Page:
The Archbishop of Canterbury’s Lent Book 2024
ISBN 978 0 281 09010 5
Price £11.99
191 pages

I read this during Race Equality Week. It was a good reminder of what is at stake in the argument of this book. Justin Welby says that this title he has commissioned is “wonderful!”

In some ways it is a strange Lent book. It is less of a journey through the season with traditional Lenten themes, and more of a book to read carefully during the season to gain a fresh perspective on what it means to be black and Christian.

Reading it is undoubtedly stimulating. Not everyone will agree with every reflection, but no reader will be left unchallenged about issues related to Black Spirituality. Stone views the Christian story through an interesting lens, that will leave readers unable to view parts of Scripture in the same way again.

I was interested to read the author’s take on the how we might read about darkness in Scripture in a positive way. It was instructive to reflect on Abraham and Sarah’s harsh treatment of their black maid Hagar.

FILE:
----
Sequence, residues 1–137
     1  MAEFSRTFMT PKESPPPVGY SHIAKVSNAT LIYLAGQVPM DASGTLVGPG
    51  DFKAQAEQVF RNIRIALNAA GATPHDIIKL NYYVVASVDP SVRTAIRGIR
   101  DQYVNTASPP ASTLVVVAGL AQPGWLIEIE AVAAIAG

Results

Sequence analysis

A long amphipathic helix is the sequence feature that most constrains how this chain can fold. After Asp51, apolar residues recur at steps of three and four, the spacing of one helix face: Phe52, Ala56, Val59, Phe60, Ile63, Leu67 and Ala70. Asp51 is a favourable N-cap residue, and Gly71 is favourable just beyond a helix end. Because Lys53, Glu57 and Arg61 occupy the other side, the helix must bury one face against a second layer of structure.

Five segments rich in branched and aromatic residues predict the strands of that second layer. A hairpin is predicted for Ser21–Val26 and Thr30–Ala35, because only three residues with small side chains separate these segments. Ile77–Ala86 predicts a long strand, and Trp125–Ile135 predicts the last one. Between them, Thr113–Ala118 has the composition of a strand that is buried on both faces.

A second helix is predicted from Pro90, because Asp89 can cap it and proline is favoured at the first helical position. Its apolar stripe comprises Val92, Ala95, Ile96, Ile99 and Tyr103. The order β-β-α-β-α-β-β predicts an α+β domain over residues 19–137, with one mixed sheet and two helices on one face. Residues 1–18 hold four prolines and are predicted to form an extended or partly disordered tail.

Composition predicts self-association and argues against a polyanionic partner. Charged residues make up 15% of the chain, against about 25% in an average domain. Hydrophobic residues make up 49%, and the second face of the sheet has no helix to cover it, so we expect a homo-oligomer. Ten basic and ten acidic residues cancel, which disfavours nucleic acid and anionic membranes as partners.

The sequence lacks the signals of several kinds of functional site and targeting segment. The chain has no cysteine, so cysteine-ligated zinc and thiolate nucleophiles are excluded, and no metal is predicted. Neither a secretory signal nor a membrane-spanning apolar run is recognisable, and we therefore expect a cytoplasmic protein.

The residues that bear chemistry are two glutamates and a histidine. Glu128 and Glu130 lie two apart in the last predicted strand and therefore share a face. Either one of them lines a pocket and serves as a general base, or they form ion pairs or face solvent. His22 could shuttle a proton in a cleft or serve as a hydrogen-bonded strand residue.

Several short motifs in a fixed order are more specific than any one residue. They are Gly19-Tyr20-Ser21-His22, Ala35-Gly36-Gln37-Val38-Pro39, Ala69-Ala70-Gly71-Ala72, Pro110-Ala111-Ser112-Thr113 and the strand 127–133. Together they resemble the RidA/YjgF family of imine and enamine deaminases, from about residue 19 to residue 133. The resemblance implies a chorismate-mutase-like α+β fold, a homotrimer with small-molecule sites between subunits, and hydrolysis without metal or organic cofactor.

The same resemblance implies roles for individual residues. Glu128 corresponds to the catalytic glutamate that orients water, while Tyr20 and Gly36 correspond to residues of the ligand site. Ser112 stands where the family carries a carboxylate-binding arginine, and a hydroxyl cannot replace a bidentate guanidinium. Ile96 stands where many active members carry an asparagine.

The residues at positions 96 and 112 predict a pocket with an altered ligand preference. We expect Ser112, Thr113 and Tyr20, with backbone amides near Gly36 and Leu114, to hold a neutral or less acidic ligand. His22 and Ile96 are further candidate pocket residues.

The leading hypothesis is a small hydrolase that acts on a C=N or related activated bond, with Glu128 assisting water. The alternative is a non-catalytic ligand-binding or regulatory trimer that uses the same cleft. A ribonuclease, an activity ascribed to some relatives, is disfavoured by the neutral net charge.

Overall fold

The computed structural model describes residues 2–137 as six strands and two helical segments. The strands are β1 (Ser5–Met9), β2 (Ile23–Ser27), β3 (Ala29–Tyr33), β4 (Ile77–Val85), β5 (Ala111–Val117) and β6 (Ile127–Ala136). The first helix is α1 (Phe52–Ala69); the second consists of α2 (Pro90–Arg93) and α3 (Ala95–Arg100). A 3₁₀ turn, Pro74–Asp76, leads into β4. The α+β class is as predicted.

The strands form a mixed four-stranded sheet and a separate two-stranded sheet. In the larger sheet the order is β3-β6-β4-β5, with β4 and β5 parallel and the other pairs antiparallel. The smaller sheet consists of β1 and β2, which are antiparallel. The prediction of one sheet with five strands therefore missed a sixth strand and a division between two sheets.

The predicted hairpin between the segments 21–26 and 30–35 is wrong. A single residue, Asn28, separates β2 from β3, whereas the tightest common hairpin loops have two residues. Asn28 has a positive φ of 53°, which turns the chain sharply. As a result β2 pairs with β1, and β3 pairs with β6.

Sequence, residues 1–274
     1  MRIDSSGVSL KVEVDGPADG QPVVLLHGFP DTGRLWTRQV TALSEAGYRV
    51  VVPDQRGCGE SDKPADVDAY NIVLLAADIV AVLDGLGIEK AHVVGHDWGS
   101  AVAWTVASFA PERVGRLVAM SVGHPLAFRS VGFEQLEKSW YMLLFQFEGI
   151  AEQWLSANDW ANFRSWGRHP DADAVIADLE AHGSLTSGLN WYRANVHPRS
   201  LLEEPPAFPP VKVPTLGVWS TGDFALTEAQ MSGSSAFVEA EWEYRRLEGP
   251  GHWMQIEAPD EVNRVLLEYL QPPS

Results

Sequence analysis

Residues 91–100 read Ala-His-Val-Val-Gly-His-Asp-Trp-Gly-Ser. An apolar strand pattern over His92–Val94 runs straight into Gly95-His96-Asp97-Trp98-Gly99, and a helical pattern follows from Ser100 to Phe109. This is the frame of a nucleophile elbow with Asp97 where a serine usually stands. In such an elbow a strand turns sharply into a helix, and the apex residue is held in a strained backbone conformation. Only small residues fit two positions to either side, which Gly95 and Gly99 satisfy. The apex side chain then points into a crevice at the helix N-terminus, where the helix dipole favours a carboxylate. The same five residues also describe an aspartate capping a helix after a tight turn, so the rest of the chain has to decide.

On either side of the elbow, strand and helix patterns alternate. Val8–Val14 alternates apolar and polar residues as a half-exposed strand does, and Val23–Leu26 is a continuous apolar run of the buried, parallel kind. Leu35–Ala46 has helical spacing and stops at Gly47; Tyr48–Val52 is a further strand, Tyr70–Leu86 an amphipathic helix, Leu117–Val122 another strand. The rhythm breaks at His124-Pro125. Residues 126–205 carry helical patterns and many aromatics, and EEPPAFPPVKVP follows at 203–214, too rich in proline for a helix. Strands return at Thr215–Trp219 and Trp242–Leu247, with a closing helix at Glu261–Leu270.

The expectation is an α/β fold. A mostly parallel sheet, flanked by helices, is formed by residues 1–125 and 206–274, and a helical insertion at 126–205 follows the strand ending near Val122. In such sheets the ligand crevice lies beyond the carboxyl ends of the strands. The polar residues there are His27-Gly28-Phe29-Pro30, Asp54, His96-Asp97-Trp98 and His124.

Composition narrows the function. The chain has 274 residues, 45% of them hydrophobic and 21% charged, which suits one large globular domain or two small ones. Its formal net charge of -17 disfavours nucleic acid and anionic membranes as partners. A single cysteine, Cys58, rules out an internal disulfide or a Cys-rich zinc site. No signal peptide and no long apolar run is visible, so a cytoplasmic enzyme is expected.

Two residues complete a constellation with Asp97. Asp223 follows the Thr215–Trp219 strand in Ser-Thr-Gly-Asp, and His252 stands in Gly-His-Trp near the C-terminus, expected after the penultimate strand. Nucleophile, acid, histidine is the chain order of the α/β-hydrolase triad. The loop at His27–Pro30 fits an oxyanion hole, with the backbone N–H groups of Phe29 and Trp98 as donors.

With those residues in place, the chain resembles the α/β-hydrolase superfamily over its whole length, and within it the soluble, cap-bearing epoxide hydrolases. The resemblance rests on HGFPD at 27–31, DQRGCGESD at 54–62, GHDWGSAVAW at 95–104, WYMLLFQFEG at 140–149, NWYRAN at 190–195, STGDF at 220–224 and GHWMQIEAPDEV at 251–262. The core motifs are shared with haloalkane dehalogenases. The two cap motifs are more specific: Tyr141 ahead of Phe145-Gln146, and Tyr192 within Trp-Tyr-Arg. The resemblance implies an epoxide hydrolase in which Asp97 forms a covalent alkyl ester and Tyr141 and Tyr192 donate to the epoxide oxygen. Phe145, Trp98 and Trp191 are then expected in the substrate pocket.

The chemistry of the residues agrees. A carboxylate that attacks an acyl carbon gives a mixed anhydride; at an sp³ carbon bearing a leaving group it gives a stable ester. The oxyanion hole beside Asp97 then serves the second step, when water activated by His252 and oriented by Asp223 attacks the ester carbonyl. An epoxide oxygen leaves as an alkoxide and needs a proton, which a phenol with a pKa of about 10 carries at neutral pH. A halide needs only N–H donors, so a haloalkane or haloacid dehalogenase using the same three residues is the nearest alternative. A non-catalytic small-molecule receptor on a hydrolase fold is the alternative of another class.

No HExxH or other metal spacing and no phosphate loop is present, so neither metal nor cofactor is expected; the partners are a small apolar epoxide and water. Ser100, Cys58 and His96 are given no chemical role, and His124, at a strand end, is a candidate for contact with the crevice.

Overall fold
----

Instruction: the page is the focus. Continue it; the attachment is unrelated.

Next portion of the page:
Writing as a woman, black and Pentecostal, the author has plenty of experience of being marginalised. The sting of prejudice is communicated effectively as is the sweet possibilities of moving into a better place.

The author helpfully reflects on the last week of Jesus’ public ministry, his death and resurrection. We are reminded the resurrected Jesus retains his scars. This reminds us that there is an ‘already but not yet’ about the Easter story.

“Most of us, even if we are not honest about it, live somewhere between hope and disappointment, or perhaps at a crossroads where they meet.”

John Woods is a writer and Bible teacher based in West Sussex. He is Director of Training at the School of Preachers in Riga, Latvia.